General: Perennial herb with slender, long-creeping (to 1 m) stolons or runners, rooting at the nodes and producing short (10 cm or less), erect flowering shoots with 1 to 4 leaves; unarmed, fine-hairy to nearly smooth.
Leaves: Alternate, deciduous (some persisting through the winter), long-stalked, palmately compound; leaflets usually 5, sometimes 3 with the lateral leaflets divided nearly to the base, egg- to diamond-shaped, 1-3 cm long, irregularly coarse-double-toothed to cleft, smooth except for hairy veins beneath; stipules membranous, egg-shaped.
Flowers: Inflorescence of single long-stalked flowers on erect leafy shoots, the stalks very slender, 2-8 cm long; corollas white, the petals 5, oblong, 6-10 mm long, spreading or bent back; calyces smooth or sparsely hairy, 5-lobed, the lobes lanceolate, often few-toothed near the tip, 4-11 mm long, bent back; ovaries superior; stamens numerous.
Fruits: Drupelets, smooth, 1 to 6, more or less coherent in a small red raspberry-like cluster that remains attached to the receptacle, the berries about 1 cm wide.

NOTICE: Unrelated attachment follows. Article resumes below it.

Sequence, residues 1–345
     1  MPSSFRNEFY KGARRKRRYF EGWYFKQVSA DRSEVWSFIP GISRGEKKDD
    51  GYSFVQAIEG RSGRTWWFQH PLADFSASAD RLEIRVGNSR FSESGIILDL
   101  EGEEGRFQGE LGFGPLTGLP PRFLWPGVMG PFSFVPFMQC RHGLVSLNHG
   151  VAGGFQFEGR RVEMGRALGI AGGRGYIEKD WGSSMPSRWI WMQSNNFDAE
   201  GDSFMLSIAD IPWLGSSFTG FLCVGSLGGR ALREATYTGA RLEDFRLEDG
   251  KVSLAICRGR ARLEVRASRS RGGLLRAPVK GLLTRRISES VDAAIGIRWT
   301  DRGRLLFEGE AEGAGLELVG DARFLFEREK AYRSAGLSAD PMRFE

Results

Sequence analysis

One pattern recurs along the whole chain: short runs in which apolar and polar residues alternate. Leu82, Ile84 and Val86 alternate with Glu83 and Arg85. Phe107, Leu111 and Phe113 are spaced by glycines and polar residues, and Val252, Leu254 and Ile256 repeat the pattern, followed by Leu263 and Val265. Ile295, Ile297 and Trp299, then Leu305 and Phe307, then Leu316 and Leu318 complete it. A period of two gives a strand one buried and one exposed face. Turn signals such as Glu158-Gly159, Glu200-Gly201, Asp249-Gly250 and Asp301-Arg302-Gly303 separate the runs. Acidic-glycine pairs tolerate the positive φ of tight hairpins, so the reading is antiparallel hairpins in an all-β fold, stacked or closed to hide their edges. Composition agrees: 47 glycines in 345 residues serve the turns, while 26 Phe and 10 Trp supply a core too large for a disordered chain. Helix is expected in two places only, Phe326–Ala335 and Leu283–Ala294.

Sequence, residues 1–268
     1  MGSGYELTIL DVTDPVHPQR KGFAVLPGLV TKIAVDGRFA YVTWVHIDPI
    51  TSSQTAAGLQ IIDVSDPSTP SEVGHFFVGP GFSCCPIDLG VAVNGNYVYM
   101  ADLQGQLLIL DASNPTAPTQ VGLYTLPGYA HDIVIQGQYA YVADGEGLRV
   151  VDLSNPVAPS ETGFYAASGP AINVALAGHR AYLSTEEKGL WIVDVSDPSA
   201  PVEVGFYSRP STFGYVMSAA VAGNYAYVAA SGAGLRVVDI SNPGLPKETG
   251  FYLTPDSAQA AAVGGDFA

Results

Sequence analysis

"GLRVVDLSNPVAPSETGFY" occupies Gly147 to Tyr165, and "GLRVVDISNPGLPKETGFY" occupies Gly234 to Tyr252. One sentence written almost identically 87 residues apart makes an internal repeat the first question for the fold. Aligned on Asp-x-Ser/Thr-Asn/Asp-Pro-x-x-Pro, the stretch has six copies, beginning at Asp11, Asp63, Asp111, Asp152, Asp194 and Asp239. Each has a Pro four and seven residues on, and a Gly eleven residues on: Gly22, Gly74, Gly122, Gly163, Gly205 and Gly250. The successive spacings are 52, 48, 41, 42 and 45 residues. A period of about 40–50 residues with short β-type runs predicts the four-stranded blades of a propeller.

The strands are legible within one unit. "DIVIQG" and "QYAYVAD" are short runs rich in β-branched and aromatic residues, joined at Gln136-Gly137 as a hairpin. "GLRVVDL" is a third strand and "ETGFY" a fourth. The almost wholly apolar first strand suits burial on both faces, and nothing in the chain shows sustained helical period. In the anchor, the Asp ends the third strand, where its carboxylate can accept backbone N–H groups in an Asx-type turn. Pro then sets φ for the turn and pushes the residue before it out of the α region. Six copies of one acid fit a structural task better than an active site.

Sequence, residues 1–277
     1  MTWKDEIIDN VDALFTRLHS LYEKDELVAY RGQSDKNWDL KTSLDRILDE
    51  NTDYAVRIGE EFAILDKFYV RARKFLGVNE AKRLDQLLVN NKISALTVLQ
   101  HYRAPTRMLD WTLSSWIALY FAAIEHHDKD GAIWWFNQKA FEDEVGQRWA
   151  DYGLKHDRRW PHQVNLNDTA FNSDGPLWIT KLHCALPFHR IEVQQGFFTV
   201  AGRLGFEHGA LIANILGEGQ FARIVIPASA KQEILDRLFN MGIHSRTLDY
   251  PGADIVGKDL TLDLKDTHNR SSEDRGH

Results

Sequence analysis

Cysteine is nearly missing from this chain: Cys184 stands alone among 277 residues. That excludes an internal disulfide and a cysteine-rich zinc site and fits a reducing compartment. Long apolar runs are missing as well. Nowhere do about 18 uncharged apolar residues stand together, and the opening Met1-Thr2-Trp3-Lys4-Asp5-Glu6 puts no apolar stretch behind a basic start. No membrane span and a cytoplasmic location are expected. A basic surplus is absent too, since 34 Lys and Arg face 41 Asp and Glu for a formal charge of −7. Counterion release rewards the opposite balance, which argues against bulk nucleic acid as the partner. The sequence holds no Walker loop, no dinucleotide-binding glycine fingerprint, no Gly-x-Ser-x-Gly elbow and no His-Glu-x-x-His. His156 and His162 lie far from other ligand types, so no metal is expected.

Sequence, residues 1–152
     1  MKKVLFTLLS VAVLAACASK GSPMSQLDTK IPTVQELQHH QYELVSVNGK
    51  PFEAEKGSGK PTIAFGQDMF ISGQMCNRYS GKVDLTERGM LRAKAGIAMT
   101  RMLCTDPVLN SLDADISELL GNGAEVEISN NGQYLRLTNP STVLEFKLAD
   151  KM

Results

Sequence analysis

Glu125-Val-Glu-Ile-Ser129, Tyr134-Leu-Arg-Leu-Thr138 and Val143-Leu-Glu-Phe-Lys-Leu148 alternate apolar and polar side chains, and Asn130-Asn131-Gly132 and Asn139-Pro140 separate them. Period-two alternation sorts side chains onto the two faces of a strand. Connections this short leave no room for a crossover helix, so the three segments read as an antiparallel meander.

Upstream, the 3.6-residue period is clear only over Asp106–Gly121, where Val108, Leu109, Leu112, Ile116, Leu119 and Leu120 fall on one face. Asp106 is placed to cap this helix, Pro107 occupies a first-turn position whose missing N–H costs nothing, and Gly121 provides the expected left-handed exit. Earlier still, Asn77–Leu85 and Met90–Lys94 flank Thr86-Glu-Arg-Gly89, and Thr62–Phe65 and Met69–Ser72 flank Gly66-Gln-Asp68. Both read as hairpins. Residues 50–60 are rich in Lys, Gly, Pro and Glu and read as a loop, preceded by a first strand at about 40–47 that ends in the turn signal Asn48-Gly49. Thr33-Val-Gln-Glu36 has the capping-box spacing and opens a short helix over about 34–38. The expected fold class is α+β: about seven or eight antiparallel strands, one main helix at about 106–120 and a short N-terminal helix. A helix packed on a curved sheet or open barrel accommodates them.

A shade-tolerant, montane to subalpine, Asian and Western North American forb distributed equally in the Pacific and Cordilleran regions. Occurs in boreal and cool temperate climates on fresh to very moist, nitrogen-poor soils; its occurrence increases with increasing elevation and precipitation and decreases with increasing latitude. Common in semi-open coniferous forests on watershedding and water-receiving sites. Typically associated with Blechnum spicant, Clintonia uniflora, Rhododendron albiflorum, Rhytidiopsis robusta, Vaccinium alaskaense, and V. membranaceum. An oxylophytic species characteristic of Mor humus forms.
Recommended citation: Author, Date. Page title. In Klinkenberg, Brian. (Editor) 2017. E-Flora BC:
Electronic Atlas of the Plants of British Columbia [eflora.bc.ca]. Lab for
Advanced Spatial Analysis, Department of Geography, University of British
Columbia, Vancouver. [Accessed:
23/03/2019 11:30:02 AM
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